Coldfire Trilogy, C.S. Friedman

(review by Aliette de Bodard)

36159When True Night FallsCrown of Shadows


Aren’t those pretty? The cover art is by Michael Whelan, and I feel they really capture the mood of this. The Coldfire trilogy came heavily recommended by a lot of people whom I trust (and who know my taste for dark fantasy), and it didn’t disappoint me. They’re nominally science fiction (set on a planet called Erna that was colonized by man a long time before the story starts), but they’re definitely fantasy/science fantasy (the veneer of SF is pretty thin and not really the draw of this). On Erna, the fae are energy currents that respond to the emotions and beliefs of mankind: places that people avoid because they fear them soon become a hotbed of darkness and creepy creatures–starting a self-perpetuating cycle that’s pretty inimical to mankind. Adepts can manipulate the fae to cast spells, but this is an exhausting and dangerous process.

Centuries ago, the Neocount of Merentha founded the Church of Human Unification, whose goal is to eradicate the superstitions about fae through reason in order for mankind to finally be able to live on the planet. But the Neocount died in mysterious circumstances, and the Church has been struggling ever since…

Damien Vryce is a young and fairly naive priest of the Church: when he meets Ciani, an adept with a thirst for knowledge, he doesn’t expect to fall in love. When Ciani’s workshop is destroyed, and Ciani loses her capacity to manipulate the fae, he is drawn into a quest to restore her abilities that will send him to the other side of the world, and force him to face his darkest fears. Meanwhile, the adept Gerald Tarrant, who has become the Hunter, a monster feeding on the fears of others, is also drawn into the same quest–when he and Damien meet, sparks can and will fly…

Part of what makes those books work is the duo Damien/Gerald, which is just plain awesome. Gerald Tarrant is creepy, arrogant and bordering on the inhuman (but with a rigid code of conduct and an acute sense of what debts he owes to whom), whereas Damien is naive and a bit of a hothead, and blindly trusting in those he meets. They’re (ironically) both united in their belief on the mission of the Church, which creates an interesting dynamic centered around the power of faith–and on trust, doubts and the loss of faith. As the trilogy progresses, they influence and corrupt one another in a way that’s wonderfully drawn. The other thing that makes them work is the oppressive atmosphere: Erna is a planet where people can’t feel safe, where the fae and the creatures they generate always lurk, ready to snatch and kill–and this comes across very powerfully in the descriptions. Also full of: creepy creatures, complicated plans, last-minute rescues, and heartbreaking sacrifices.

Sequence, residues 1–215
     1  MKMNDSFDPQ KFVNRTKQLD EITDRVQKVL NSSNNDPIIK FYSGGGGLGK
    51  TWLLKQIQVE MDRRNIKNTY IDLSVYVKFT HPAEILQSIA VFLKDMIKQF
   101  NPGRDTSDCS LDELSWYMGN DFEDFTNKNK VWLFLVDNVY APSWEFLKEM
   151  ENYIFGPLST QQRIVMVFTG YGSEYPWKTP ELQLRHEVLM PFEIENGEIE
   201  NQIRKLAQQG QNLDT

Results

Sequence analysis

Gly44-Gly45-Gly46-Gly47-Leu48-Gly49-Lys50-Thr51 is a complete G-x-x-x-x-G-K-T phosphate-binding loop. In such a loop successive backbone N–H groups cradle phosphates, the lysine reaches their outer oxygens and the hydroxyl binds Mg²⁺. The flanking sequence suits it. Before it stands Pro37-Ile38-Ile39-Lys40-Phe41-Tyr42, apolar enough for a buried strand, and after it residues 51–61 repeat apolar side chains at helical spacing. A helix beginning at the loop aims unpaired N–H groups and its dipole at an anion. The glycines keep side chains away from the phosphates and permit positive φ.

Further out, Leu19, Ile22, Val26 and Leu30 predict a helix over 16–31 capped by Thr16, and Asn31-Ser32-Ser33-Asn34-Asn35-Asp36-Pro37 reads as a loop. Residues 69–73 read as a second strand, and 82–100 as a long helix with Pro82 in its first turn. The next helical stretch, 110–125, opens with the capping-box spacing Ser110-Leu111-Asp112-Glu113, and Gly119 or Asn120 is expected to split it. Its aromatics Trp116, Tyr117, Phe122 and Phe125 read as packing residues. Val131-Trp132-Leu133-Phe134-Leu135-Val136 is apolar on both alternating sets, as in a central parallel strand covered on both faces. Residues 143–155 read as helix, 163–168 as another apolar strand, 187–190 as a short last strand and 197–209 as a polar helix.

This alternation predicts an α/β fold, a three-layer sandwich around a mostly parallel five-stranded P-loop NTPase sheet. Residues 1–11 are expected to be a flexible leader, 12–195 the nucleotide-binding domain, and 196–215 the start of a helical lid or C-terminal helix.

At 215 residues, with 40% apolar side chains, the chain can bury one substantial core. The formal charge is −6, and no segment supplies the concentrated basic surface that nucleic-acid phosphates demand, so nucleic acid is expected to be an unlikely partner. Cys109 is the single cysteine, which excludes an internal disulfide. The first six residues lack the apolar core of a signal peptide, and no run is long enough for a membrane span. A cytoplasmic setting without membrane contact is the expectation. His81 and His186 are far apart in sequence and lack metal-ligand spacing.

The books are standalone, though there is an arc running through them (and in all fairness, book 2 does end on a bit of a cliffhanger, with a threat that’s still in the background). I really enjoyed them and quite recommend them.

Buy Book 1.
Buy Book 2.
Buy Book 3.

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